The End of Mr. Y, by Scarlett Thomas
    The End of Mr. Y is surprisingly gritty for a novel with such a philosophical and escapist premise. This is in no small part due to its protagonist, Ariel Manto, a journalist with a voracious appetite for the intellectual whose grim surroundings and messy personal life don’t reflect the ordered world in her mind. Manto is obsessed with the author of a novel titled The End of Mr. Y—an obsession that blossomed after being told anyone who reads the accursed novel will die. While the reader can correctly predict she will in fact both find and read the book, they can also be guaranteed that what follows will be like nothing they’ve ever read. Manto is thrust into an alternate place known as the Troposphere, a world made manifest by human consciousness that removes the limits of the mind. For someone of Manto’s intellectually curiosity, the temptation to immerse herself in the Troposphere is too strong. But all is not what it seems. There’s mischief afoot and dark forces lurking in the shadows of the Troposphere—and the intellectual freedom Manto finds there may come at the cost of her life.

    1984, by George Orwell
    1984 is masterpiece of dystopian fiction. In the 60 years since its publication, Orwell’s profound take on government surveillance and the effects of oppression on the human psyche has become firmly entrenched in the cultural and political lexicon. It also contains a powerful book within a book, The Theory and Practice of Oligarchical Collectivism. Written by a feared and hunted opponent of the state, the text is “a terrible book, a compendium of all the heresies, of which Goldstein was the author and which circulated clandestinely here and there. It was a book without a title. People referred to it, if at all, simply as The Book.” Unlike the other fictional tomes on this list, “The Book,”  despite the terror it invokes, is ultimately a catalyst for good rather than evil, leading the protagonist Winston Smith to fight, however fleetingly, against the tyranny of big government.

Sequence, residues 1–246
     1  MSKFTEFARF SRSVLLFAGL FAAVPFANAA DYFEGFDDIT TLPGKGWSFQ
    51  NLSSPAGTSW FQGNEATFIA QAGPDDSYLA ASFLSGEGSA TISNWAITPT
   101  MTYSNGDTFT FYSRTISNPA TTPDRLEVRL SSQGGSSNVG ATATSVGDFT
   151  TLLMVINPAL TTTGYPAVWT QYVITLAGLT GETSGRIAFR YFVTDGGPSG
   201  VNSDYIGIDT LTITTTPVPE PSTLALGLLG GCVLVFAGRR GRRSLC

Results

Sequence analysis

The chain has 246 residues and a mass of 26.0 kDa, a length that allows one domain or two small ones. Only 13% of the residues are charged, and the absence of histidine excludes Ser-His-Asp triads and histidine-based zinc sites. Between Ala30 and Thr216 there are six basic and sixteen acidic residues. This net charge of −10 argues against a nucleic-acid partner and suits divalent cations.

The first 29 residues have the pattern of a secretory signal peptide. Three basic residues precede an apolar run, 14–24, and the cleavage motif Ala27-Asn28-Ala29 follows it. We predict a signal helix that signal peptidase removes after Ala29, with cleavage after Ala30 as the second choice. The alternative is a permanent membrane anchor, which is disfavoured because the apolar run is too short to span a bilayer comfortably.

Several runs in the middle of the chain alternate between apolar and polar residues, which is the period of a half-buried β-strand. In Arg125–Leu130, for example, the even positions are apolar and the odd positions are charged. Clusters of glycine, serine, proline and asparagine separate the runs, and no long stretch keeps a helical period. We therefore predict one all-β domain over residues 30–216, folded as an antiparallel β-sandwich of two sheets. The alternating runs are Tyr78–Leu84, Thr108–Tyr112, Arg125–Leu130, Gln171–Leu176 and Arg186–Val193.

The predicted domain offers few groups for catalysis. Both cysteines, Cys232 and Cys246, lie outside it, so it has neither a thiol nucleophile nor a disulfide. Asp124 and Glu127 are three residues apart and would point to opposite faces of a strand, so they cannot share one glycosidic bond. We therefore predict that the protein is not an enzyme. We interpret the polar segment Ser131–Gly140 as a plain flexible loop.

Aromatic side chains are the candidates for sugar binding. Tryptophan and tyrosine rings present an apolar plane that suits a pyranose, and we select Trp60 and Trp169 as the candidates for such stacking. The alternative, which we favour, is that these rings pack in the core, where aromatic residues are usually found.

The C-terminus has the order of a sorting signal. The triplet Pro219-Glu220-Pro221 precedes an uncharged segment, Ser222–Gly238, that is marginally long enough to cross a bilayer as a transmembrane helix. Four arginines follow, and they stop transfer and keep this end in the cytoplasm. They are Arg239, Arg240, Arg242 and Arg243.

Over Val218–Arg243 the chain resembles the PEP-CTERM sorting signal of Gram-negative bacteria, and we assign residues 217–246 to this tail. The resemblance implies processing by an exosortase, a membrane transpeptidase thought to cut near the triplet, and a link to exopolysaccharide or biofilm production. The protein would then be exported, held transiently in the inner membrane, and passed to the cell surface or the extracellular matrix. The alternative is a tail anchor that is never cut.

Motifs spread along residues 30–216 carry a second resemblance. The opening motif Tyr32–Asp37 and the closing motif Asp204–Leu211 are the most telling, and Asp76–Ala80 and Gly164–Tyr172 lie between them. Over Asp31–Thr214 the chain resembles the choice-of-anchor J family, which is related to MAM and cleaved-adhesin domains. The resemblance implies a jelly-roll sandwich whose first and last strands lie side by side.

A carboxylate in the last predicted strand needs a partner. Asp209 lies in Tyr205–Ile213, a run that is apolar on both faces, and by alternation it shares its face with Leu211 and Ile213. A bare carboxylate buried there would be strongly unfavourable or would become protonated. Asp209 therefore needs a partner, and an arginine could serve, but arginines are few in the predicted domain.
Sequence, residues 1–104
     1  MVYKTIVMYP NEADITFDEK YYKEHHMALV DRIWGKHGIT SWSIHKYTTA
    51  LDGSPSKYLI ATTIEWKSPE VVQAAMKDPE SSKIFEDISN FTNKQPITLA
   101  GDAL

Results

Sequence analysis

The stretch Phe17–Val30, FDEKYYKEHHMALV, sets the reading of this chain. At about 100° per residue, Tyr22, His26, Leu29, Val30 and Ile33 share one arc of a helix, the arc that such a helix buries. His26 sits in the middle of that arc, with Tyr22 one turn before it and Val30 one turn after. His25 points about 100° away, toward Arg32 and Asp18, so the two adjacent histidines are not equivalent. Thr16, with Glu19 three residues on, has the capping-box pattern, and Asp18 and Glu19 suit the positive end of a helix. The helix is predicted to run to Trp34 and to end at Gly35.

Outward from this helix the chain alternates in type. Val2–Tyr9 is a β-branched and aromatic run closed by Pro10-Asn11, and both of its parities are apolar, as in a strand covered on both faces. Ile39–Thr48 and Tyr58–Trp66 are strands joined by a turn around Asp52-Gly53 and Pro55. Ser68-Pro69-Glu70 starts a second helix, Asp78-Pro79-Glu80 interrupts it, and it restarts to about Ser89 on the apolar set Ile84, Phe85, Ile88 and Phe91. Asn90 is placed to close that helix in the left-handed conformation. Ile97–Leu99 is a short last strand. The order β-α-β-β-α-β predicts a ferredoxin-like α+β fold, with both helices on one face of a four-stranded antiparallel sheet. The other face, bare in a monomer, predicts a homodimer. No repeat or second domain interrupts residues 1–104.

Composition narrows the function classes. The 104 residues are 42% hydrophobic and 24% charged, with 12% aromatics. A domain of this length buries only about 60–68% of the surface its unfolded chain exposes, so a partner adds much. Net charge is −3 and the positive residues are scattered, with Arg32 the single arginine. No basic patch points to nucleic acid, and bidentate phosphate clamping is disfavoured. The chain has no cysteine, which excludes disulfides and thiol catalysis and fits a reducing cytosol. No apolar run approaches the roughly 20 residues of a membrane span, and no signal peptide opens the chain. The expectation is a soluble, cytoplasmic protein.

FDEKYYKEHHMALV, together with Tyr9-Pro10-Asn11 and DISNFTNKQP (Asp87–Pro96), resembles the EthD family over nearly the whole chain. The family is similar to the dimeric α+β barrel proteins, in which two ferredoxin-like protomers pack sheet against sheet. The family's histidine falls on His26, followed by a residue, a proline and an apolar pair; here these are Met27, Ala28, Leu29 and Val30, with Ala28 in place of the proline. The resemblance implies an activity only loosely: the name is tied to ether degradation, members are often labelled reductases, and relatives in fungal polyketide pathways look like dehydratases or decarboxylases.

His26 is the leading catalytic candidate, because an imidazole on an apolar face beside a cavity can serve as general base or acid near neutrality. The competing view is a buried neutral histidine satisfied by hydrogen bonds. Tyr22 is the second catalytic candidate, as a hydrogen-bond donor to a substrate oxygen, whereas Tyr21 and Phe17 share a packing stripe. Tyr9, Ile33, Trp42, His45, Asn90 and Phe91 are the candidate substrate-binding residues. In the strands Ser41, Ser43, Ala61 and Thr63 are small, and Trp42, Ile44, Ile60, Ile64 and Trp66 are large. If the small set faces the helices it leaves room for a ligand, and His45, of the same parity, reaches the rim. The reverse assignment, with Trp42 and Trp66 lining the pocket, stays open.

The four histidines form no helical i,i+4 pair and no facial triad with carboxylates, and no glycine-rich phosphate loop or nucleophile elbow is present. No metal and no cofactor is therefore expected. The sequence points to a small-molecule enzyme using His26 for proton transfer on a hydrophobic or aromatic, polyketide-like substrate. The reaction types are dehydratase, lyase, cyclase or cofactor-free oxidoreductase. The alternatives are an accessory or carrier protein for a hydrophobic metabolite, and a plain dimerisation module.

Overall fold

Lullaby, by Chuck Palahniuk
    In Palahniuk’s Lullaby, a children’s book is the source of a unique and terrifying outbreak. Simply named Poems & Rhymes, the book’s dark magic is triggered by reading the lullabies written inside; doing so imbues the reader with the power to kill instantly. This dark magic is uncovered by reporter Carl Streator, who embarks upon a breakneck quest to stop the spread of the infection by any means necessary. Accompanied by what can only be described as a ragtag group of co-adventurers, the novel is by turns refreshingly humorous and terrifying, keeping readers on their toes. Lullaby is one of those books that keeps you up late at night, because you just have to find out what happens next. Almost as though the power of Lullaby has infected you, too…

    What dangerous books have we missed? Tell us in the comments, if you dare.